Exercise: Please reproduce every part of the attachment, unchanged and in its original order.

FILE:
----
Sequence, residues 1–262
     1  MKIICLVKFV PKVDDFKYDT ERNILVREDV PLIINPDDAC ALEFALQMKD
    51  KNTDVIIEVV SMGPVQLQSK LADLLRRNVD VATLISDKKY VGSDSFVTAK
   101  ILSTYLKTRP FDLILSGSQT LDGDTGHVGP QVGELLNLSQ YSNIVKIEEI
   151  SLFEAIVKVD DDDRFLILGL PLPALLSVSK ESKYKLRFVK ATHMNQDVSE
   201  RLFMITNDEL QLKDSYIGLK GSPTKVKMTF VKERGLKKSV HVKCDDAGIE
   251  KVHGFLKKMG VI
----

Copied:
Sequence, residues 1–262
     1  MKIICLVKFV PKVDDFKYDT ERNILVREDV PLIINPDDAC ALEFALQMKD
    51  KNTDVIIEVV SMGPVQLQSK LADLLRRNVD VATLISDKKY VGSDSFVTAK
   101  ILSTYLKTRP FDLILSGSQT LDGDTGHVGP QVGELLNLSQ YSNIVKIEEI
   151  SLFEAIVKVD DDDRFLILGL PLPALLSVSK ESKYKLRFVK ATHMNQDVSE
   201  RLFMITNDEL QLKDSYIGLK GSPTKVKMTF VKERGLKKSV HVKCDDAGIE
   251  KVHGFLKKMG VI